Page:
So, you don’t want a universal insurance system because you think there will be long wait times. Guess what, they are already here.
A friend of mine who needs shoulder surgery just told me he has to wait until March 2023. When I desperately needed a urologist last February every call I made was weeks waiting for an appointment. Only by chance finding a friend working in an office did I get a quick appointment.
Remember, Medicare is not a universal health care system like in the UK or Canada, Medicare is a universal insurance system and when compared with private insurance interferes very little in your health care.
2022 Survey of Physician Appointment Wait Times
November 01, 2022 • 3 min read Physician
What consumers grouse about waiting a “long time” for a doctor’s appointment, they have good reasons, says a new study from healthcare talent solutions expert AMN Healthcare and its physician recruiting division, Merritt Hawkins.
Bottom line: If you want to see a physician, be prepared to wait, perhaps as much as 26 days—that time up from 24.1 days in 2017. In the survey’s first year, 2004, the wait time was 21 days.
The survey highlights the need for more physician career opportunities to stem the tide of “not enough doctors to go around.”
Dermatology Longest Average Waits
From March through mid-May 2022, the companies’ research specialists called randomly selected physicians in five medical specialties: cardiology, dermatology, obstetrics-gynecology, orthopedic surgery, and family medicine, to make appointments for non-emergent medical problems.
They contacted at least 10 separate physician offices per specialty, per large metropolitan area—the optimum number was 20. First appointment times were obtained from a total of 1,034 distinct physician offices, the companies said. Research specialists also asked offices whether the doctors accepted Medicare or Medicaid as payment.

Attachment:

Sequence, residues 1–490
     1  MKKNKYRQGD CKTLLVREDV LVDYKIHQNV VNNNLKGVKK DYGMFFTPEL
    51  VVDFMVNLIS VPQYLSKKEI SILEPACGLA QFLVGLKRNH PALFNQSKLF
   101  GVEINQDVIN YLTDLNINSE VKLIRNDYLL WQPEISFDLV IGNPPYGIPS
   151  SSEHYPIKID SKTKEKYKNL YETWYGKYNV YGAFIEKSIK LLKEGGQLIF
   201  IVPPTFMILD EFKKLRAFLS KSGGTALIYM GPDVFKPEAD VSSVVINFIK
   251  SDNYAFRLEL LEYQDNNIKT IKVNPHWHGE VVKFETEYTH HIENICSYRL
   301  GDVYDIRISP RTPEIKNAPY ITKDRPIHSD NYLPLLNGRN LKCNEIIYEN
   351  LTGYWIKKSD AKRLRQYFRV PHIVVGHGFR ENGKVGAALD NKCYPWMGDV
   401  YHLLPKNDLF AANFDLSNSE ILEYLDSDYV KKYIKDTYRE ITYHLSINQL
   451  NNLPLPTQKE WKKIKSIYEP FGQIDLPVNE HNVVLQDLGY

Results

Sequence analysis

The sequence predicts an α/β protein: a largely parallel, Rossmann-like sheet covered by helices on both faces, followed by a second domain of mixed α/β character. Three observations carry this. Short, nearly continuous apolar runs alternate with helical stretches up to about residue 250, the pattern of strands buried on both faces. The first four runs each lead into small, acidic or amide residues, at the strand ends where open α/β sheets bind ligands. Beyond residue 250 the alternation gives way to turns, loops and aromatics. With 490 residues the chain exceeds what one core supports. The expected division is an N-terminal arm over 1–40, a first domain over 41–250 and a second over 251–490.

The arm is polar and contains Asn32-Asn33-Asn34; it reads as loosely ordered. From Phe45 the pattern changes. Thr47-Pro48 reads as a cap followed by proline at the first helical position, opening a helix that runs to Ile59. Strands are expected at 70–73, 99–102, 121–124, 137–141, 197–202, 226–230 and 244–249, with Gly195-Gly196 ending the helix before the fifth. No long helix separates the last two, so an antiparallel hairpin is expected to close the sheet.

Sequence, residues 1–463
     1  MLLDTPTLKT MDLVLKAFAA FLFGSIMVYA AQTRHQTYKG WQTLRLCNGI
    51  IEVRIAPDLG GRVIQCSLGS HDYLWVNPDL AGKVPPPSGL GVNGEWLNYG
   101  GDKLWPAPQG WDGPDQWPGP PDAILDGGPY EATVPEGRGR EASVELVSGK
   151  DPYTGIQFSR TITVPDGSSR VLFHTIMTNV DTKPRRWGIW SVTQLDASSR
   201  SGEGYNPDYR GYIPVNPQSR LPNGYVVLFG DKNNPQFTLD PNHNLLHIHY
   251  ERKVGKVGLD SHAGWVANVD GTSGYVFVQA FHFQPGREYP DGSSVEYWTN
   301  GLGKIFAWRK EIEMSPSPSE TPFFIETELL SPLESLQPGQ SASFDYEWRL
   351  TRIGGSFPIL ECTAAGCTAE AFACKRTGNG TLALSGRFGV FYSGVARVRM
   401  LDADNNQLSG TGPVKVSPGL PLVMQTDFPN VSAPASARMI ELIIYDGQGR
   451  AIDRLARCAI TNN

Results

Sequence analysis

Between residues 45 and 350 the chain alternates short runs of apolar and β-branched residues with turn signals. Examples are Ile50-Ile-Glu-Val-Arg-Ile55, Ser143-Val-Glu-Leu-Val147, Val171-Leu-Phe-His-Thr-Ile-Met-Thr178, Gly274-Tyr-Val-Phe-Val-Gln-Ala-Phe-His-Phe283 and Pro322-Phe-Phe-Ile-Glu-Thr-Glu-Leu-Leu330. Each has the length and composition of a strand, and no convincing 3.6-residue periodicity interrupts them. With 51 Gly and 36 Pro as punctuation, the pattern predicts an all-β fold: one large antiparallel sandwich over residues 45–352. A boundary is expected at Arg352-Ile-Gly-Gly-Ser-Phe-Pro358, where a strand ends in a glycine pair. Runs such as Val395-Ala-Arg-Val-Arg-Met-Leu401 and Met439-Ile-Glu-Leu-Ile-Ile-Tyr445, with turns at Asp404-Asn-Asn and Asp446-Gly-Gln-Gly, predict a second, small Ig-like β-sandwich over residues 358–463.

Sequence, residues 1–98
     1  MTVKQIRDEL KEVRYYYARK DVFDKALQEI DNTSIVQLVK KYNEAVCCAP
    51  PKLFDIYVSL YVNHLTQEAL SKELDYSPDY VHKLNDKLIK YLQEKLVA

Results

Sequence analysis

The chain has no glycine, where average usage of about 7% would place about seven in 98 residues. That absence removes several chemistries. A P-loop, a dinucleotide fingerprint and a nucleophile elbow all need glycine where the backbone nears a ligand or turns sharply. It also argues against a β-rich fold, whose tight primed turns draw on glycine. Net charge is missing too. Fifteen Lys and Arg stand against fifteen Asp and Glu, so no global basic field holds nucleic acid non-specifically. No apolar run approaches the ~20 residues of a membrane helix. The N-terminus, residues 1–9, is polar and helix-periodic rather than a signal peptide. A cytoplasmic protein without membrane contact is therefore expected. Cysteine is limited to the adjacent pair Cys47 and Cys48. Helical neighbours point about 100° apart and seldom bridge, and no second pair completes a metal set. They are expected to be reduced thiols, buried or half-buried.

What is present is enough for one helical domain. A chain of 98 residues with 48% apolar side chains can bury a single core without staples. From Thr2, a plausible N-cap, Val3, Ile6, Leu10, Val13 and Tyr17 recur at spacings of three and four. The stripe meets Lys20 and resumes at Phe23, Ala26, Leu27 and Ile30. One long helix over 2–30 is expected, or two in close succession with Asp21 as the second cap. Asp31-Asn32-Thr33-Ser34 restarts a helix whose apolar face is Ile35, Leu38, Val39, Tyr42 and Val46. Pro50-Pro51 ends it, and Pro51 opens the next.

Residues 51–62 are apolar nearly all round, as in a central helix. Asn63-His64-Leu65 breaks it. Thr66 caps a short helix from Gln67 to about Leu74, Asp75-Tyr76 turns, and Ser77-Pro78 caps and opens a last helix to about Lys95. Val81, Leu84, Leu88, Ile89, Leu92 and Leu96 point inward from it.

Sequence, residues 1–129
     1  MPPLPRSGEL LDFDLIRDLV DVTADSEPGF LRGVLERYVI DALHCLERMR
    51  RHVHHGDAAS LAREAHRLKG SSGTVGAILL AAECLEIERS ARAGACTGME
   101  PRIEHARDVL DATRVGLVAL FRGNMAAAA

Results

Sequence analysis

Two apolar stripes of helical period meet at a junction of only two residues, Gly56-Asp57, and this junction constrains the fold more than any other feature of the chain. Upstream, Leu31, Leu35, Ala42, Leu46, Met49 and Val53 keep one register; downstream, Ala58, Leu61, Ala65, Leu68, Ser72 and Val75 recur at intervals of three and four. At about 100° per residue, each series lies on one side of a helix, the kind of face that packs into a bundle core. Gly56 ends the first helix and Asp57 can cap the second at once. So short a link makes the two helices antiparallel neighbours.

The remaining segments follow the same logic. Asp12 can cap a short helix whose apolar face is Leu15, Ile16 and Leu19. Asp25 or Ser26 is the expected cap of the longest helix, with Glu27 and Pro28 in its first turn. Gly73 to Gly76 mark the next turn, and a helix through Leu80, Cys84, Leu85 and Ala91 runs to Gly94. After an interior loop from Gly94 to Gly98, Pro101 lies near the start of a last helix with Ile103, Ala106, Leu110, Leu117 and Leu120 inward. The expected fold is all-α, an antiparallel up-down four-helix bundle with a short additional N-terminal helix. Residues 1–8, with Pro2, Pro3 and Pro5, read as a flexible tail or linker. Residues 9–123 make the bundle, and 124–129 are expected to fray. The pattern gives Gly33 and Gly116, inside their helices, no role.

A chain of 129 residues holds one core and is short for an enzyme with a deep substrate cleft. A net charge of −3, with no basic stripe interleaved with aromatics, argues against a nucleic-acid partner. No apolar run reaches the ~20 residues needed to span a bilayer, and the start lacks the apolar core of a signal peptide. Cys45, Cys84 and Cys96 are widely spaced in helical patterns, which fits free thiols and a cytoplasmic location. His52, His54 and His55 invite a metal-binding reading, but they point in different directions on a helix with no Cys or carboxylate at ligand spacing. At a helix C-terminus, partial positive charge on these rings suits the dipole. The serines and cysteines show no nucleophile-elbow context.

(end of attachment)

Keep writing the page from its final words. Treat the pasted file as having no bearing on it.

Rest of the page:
206 Days for a Cardiology Appointment?
The survey also looked at the highest average new patient physician appointment wait time across all five specialties of the 15 areas surveyed. Portland showed the highest at 45.6 days, while New York won the day at 17.4 days.
About Medicare and Medicaid, the average rate of physician Medicare acceptance is 82.4 percent for all 15 areas, a decrease of 4 percent from 84.5 percent in 2017. Medicaid fares much better at 54.1 percent in those areas, up 2 percent from 53 percent in 2017.HealthCareers.com
The urgent care pop ups, at least in my area, are staffed with nurse practitioners usually and sometimes they are only a bandaid if you need to see a specialist. I had occasion to visit one with a skin problem and their prescriptions didn’t work and when I got into the dermatologist I explained I had the prior treatment and the dermatologist said “they did the best they could with what they had but the prescriptions you got belong in the waste can.”
On another occasion a few years back, the urgent care was able to get an appointment for me with a specialist within a week and for that I was grateful. So my experience with urgent care has not been helpful except assisting me with getting a speedier appointment. They sure aren’t a replacement for regular docs.
In my area over the last 20 years, urgent care centers are popping up left and right. At first I thought was due to the fact that insurance companies really don’t like you to use the emergency room. I get that. In fact, I have called my primary and have asked where I should go because they didn’t have an immediate appointment slot.
Or are urgent care centers now filling in a need because of a shortage of primary care doctors and are they just putting band-aids on the problem so that you can wait to see a specialist?
Universal Health Care is not the utopia those without universal health care think it is. the wait times in the vast majority of Canada are much, much longer than in the US and access to a family doctor in some provinces is a major problem !
Remember, we are talking universal insurance coverage, not universal health care provided by government facilities. There is a big difference.
Before we go to a universal insurance plan, we have to expand the supply of medical providers, from docs on down. Especially docs in specialized areas and also the nursing profession. If you increase the demand with the limited providers, you are heading for the same problems the government run providers are facing around the world.
Very true and we need a gradual phase in of coverage. I would start with newborns after a certain date and go from there and accelerate the coverage as the system can handle it.